Well, Roy: things have gone worse but the slums were there already in 1998.
It will be extremely hard for people just to move back, specially as anyway farming provides jobs for less and less people everywhere.
One of the things in the long run that governments could do is real decentralisation. But this implies more than just what most people have in mind in Venezuela.
Tax authorities, for instance, could have their main office in Calabozo. Part of the ministries could be moved to the respective capitals of all states…but not an easy task.
The bad economic policies were there before ’98 as well… But you make good points. I agree that encouraging migration is not the whole answer, but it is part of the solution.
Above all: don’t expect them to become farmers.
I am no economist or sociologist or anything like that but al ojo por ciento I would say
we are talking about a couple of million people, mostly very young, in their twenties, born in the slums there or secondary cities somewhere else. Don’t expect them to move to El Sombrero to till the land.
But we can offer some of them some decent work in some key Llanos cities when it comes to new manufacturing companies. Think textile.
The thing about the property rights in the cities: this is something I think I started to write about in 2007. It was something I knew, like Alejandro, from my relatives and friends.
I simply don’t understand why Rosales in 2006 and later Capriles and others haven’t – as far as I know – talked about this time after time after time.
Capriles and Ocariz, to be sure, are aware of this and they have talked about the issue but, to my knowledge – only at the level of Miranda and Sucre, respectively. They have given property rights, as far as they could, but still: it would be nice if they were to insist on this in national speeches.
And this is something the military and the extreme left would ABHOR, ABHOR TO DEATH!
This would mean transforming millions into “burguesiiiiitos fascistas vendedores de la Patria que no creen en el socialismo chavista”
Cash distribution via property, not bad. Not as simple and fair as cash, but a step in the right direction.
Yes, there are lot’s of ways to encourage migration. Manufacturing in smaller cities is one of them. No, I don’t expect that many of the people currently living in the hillside barrios will want to become farmers, but modern farming is not as labor intensive. Done properly, Venezuela could/should be the bread basket for itself, Colombia, Ecuador, and much of the Caribbean. And farmers need tractors, and tractor repair, and insurance brokers, and feed stores, etc, etc… People go where the money is being made, regardless of what interests them.
Some people migrated for jobs,but many for reasons of simply wanting to live in a more exciting place and the prestige of living in the Capital.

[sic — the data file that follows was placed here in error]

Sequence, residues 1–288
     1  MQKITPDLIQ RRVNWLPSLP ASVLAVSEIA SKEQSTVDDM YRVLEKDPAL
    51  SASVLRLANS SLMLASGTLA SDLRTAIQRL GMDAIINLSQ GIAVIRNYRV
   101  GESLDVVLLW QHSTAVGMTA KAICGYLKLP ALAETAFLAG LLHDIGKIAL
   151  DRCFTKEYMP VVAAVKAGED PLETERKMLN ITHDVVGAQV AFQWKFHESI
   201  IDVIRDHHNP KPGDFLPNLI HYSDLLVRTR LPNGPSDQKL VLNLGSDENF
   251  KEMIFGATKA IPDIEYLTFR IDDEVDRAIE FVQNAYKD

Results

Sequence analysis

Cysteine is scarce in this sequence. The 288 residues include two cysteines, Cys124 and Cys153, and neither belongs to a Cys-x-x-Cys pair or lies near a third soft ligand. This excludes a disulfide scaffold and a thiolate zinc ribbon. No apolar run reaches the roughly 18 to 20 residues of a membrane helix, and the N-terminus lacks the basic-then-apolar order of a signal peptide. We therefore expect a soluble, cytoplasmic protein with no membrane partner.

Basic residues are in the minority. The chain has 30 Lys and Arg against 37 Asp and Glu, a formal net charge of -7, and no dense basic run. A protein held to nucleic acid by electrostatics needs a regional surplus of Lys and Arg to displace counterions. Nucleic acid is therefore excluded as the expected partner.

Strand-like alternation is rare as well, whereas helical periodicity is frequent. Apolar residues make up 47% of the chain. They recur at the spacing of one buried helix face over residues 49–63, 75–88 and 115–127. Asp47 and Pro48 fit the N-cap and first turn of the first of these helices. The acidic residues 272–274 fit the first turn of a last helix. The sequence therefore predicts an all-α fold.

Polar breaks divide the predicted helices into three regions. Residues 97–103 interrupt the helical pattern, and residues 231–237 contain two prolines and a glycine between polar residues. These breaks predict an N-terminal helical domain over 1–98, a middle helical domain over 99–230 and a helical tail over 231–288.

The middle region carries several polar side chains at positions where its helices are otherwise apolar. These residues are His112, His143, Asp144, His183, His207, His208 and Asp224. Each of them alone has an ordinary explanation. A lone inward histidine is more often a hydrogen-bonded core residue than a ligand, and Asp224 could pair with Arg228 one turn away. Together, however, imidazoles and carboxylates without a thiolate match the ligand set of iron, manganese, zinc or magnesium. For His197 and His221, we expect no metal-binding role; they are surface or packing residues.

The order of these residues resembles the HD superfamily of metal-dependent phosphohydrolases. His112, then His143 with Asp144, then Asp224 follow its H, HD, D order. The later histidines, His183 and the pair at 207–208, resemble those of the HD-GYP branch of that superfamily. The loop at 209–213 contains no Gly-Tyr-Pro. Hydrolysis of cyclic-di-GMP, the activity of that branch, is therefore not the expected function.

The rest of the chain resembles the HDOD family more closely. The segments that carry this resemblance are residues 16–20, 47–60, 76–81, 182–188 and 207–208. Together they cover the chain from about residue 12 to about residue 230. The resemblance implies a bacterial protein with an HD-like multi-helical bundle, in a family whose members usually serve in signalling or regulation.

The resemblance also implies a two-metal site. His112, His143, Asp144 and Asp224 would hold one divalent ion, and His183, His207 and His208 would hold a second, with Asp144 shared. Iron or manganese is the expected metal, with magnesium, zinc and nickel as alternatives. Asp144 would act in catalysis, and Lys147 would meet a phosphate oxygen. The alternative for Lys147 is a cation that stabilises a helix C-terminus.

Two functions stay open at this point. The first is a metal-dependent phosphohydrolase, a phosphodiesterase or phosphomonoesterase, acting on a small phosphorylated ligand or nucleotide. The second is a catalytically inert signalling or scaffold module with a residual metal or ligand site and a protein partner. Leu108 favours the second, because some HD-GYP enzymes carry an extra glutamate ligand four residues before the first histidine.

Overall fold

arroz con coco
me quiero casar
con una viudita
de la Capital
Venezuelan people in general are more city people ( think extraversion)…..unlike many of us here in the US, who actually enjoy the peace and quiet,and the nature of smaller places( think intraversion)
I remember a famous psychologist from the US,Jean Houston, once gave a series of seminars in Caracas and her main comment about Venezuelans was
” I don’t think there is a single introvert in the whole country.”
I’m generally wary of these “let’s make people migrate back to the countryside” policies, it’s all too “EjeOrinocoApure”-ish for me. But youi’re right, inasmuch as we implement policies to help people go back to the farms, we help the barrios.
One of the things I wish someone would write about is irrigation policies. I mean, the Llanos are flooded half the year, what kind of agriculture can we have under those conditions? Not to mention the lack of roads, electricity, etc. Think of all the money we would have for rural interconnectivity if we got rid of the fuel subsidies. En fin…
Juan, I don’t think the goal should be Eje Orinoco Apure. I am very aware of it. And my dad had lots of links to farmers and former farmers from those regions. But we could well do something like Germany has been trying to do by investing in public institutions in such cities as Dresden, Leipzig and a couple of others. Now people are going to those cities and after several years of them getting empty, their population is going up again. It was about establishing there research centres and or places for good PUBLIC schools – which would also need services, thus this needs to be well planned -, support there for the creation of companies there, taking a couple of jobs from central ministries and adding those jobs to the “sucursales” in said cities.
Venezuela is not Germany but the principle even there is the same.
And so, a couple of thousands would feel like going to a couple of cities in the Llanos, etc. Also: it is IMPERATIVA to solve property rights in all those cities in the Llanos. We are talking about cities such as Calabozo or El Tigre. There are lots of them.
I agree with Roy’s point above; also lack of jobs and the lure of big cities is common in most countries and for decades in Venezuela (long, long before Chavez) the barrios have been allowed to grow (and fester?) Here is where something Correa in Ecuador has done for the good (yes, really!): first getting agreement from the ‘communities’ but then building adequate housing with schools, transport and shops etc nearby (harder to do given the topography etc around Caracas) move the people out then take down the slum; sounds impossible but patently not so.